Tuesday, August 30, 2022

The Three Musketeers Review

Muskets not Mouse-kets

Four Musky Bois

What is it about?

Tonight's nostalgia pic is "The Three Musketeers" (Disney, 1993). In the early 1600s, France is on the brink of war with England thanks to the manipulation of the ambitious Cardinal Richelieu (played by a disappointingly subdued Tim Curry). An adventurous young man named d'Artagnan (Chris O'Donnell) seeks to follow in his father's footsteps and become one of the king's personal army, known as the "musketeers." d'Artagnan arrives to a Paris in turmoil after the musketeers are disbanded only to be replaced by the Richelieu's personal guard. The ever-confrontational d'Artagnan soon picks fights with three locals, the brooding Athos (Kiefer Sutherland), the boisterous Porthos (Oliver Platt), and the cunning Aramis (Charlie Sheen), only to side with them discovering that they are rogue musketeers fighting for the king's interests. Together the four uncover a conspiracy between Richelieu, his conniving cycloptic general Rochefort (Michael Wincott), and the mysterious Milady DeWinter (Rebecca De Mornay). Can the young man and the three musketeers save France and the King?

Jeez, just ham it up already!

My first impressions

So… Why is this a bad movie? Well, it isn't: It's very adventurous, the production values are high, and while the acting is… Let's just say "questionable…" The cast is among some of the very well-known personalities and rising stars of the time. The action is plentiful, the swashbuckling is exciting, and the whole film just oozes adventure. For the most part, even the death scenes are tasteful and downplayed, making this a mostly family friendly adventure despite is large body count (be aware that there's one scene between Porthos and an ugly dungeon worker that is somewhat bloody and on-screen). The whole adventure ends on a happy note with the bad guys meeting their just rewards and the kingdom restored.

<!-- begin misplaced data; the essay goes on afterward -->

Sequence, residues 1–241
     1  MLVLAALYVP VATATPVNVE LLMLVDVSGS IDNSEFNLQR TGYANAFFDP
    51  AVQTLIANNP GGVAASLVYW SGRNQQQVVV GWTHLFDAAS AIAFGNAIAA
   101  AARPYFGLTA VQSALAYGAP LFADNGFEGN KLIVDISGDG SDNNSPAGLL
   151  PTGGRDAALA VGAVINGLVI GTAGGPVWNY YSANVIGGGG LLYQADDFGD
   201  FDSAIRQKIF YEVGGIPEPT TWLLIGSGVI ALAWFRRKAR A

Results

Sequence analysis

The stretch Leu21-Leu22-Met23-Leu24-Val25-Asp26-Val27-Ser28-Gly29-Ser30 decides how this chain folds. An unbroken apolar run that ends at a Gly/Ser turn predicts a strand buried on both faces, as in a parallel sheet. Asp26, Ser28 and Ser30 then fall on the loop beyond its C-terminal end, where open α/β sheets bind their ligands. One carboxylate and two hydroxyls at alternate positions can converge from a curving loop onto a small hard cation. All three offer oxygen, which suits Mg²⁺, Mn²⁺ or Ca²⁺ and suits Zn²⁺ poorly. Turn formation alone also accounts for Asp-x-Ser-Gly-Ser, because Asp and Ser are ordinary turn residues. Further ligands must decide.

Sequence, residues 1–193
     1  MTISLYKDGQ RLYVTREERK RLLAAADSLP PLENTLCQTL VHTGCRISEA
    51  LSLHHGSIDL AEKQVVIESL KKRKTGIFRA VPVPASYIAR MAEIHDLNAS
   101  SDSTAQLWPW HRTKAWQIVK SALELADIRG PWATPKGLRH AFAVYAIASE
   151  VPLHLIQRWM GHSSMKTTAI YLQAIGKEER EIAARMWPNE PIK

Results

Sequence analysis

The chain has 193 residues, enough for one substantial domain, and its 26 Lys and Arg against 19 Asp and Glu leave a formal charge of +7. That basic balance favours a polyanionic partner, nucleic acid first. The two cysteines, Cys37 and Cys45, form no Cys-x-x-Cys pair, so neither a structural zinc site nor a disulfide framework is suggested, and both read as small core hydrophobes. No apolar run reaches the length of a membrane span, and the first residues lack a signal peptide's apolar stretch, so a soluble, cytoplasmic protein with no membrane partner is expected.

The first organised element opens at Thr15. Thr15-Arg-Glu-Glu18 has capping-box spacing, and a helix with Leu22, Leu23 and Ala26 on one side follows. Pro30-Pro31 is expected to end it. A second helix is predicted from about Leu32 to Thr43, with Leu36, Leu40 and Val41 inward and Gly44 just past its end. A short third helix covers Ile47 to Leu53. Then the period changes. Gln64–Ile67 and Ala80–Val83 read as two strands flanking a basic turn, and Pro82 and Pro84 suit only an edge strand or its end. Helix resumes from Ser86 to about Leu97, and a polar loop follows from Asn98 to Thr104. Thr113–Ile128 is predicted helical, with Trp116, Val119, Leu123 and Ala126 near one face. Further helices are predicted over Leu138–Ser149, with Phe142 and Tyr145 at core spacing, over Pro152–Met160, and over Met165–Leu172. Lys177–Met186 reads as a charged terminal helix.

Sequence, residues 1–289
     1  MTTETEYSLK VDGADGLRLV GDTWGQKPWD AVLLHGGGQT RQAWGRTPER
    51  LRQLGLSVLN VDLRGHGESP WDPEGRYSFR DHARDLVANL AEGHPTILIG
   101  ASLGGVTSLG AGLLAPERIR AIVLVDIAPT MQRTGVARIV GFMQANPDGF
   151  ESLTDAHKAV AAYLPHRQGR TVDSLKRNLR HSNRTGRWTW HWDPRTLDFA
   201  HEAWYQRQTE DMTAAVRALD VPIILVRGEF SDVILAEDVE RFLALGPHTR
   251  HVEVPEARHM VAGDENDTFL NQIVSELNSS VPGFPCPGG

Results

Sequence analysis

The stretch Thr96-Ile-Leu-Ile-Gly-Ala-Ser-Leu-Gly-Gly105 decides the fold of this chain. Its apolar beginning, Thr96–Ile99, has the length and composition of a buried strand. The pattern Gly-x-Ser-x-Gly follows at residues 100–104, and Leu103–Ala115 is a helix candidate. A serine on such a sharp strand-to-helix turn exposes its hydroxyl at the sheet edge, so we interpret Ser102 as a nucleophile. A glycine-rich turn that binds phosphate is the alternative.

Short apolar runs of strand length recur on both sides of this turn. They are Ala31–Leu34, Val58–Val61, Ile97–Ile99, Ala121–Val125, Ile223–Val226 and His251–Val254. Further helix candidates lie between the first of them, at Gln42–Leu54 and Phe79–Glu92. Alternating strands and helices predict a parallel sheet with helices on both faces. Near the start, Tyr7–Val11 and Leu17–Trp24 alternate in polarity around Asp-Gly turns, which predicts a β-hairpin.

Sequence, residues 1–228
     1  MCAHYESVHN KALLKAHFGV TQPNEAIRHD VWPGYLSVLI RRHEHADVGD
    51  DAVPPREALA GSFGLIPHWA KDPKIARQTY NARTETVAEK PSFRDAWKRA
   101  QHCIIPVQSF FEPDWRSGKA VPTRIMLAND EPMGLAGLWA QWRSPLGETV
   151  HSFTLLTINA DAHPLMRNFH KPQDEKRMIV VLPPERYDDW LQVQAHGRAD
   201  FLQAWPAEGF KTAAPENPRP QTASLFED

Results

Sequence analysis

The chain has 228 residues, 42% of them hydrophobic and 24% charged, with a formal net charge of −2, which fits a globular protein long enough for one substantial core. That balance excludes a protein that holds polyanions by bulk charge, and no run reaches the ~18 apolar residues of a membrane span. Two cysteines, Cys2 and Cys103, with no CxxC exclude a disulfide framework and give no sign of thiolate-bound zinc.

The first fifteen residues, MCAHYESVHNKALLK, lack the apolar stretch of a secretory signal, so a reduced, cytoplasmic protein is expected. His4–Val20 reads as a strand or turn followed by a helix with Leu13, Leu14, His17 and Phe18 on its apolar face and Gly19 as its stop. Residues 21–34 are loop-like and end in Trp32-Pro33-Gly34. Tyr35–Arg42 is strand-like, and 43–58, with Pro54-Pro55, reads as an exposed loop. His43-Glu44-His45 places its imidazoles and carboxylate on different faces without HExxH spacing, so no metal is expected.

Pictured: Not Robin.

My opinion

Bad movie? No, but do you know what this is? It's a very bad adaptation. I have read "The Three Musketeers" by Alexander Dumas, and after seeing movies like this one my entire life, I was shocked at how different the book of the collected serial stories is. For one thing, character motivations between the book and this film are similar, but not the same. The character of Milady in particular is much more sinister and villainous, even killing d'Artagnan's love interest, Constance, at one point (the character of Constance lives in the film). Her execution in the book is carried out without mercy, while in the film she's a much more sympathetic character. Richelieu's plot is also more layered, involving subterfuge from a tryst between the French queen and England's duke of Buckingham, which is never a plot thread in the movie. Also, in the book Richelieu is mostly left unpunished (because the rich and powerful seldom are). The book ends on a somewhat dark note completely absent from any media adaptation I have ever seen.

This one's for "Backdraft!"


So should you watch it? Yeah sure, why not? It's far from essential viewing, cinematic gold, or even a must-see, but it is an action-packed adventure film with a lot of humor and daring-do, so if you're in the mood for a popcorn flick you could do a lot worse (but also a lot better).

"I'm Platt-man!"

Where can I find it?

"The Three Musketeers" is currently streaming on Disney+.

My Doctor-eight! Get it? Doctor eight? No?

Tuesday, August 23, 2022

Man In Space

 "Hey kids! Do you want to see a color program about the history of space travel?"